By organizing the exhibition Darío Jiménez: Exposición antológica 1938-1980 [Darío Jiménez: Retrospective Exhibition 1938-1980] and writing the essay “Un paréntesis en el olvido: Darío Jiménez (1919-1980)” [A Break from Obscurity: Darío Jiménez (1919-1980)],Carolina Ponce de León (b. 1957)—director of exhibitions at the Colombian Banco de la República’s Luis Angel Arango Library from 1984 to 1994—reclaimed the life of the painter Darío Jiménez Villegas (b. 1919-80) from the obscurity to which it had been consigned. She thus reaffirmed the Library’s goal of rescuing provincial artists who, for a variety of reasons had been overlooked by Colombian art historians and critics. Ponce de León launched this program in 1984 with the retrospective exhibition of works by the painter Débora Arango (1907–2005).
The life and work of Darío Jiménez challenged the hegemonic artistic values that had dominated the art scene in Colombia since the 1950s. A passionate, driven man, he created a body of work that had nothing to do with the basic ideas that underpinned contemporary art in Colombia. Indifference to his work conspired to deny him crucial exposure—in national salons and in critical texts that legitimized particular artistic languages—and consigned his name to obscurity. Though his bohemian lifestyle was considered offensive in local conservative circles, his work undoubtedly reflected the cultural context of his native Andean region in the department of Tolima in the central western part of the country.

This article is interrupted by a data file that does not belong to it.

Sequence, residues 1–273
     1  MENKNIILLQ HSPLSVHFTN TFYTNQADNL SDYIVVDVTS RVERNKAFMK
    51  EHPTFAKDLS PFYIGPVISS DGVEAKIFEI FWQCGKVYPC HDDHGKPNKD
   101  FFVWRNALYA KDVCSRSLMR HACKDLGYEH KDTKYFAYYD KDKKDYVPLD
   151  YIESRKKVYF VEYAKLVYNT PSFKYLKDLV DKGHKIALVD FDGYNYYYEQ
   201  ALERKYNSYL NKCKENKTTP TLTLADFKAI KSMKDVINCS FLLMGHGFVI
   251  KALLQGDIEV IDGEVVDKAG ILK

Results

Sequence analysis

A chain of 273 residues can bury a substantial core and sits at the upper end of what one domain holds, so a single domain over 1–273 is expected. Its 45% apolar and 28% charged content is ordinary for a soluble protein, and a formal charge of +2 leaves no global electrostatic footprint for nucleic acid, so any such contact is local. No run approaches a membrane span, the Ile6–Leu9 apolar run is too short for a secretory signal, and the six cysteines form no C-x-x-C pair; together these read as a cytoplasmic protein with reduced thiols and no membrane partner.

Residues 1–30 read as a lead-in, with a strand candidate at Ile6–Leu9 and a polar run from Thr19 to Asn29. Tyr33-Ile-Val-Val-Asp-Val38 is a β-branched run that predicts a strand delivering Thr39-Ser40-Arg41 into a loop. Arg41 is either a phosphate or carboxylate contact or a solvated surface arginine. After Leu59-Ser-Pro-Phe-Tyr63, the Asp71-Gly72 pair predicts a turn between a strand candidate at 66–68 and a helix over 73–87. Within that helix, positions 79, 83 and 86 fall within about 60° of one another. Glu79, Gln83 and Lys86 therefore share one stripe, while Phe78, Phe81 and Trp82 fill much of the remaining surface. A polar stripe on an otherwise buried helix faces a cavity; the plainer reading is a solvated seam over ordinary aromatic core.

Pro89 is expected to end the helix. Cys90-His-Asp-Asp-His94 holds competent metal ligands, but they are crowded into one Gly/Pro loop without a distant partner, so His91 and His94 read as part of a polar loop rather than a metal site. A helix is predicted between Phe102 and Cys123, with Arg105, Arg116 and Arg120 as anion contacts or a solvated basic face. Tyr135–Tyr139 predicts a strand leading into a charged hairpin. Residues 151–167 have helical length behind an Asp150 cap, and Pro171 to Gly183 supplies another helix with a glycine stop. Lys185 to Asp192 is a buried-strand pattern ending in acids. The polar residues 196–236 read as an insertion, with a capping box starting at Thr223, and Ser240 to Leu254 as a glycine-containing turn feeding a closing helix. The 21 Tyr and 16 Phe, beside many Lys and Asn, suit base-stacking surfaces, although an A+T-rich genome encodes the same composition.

The retrospective exhibition of 85 works by Darío Jiménez Villegas opened at the Luis Ángel Arango Library in Bogotá in March 1987. The event prompted a round table discussion titled “¿Cómo se ha hecho la historia del arte en Colombia?” [How has the History of Art been written in Colombia?]. Participants in this discussion were: the artist Beatriz González (b. 1938), Carmen Ortega Ricaurte (who was at that time the director of Colombia’s National Museum), the gallery owner Alicia Baraibar, and the art historian Germán Rubiano (b. 1938). The fact that Darío Jiménez had been overlooked for so many years led the panelists to discuss questions such as: How has the history of art been written in Colombia? And: What were the parameters for establishing the history of art? The panelists also considered the fact that the history of art in Colombia had been limited to repeating what a few pioneers had written in the early- or mid-twentieth century, heavily influenced by a centrist agenda that contributed little that was new.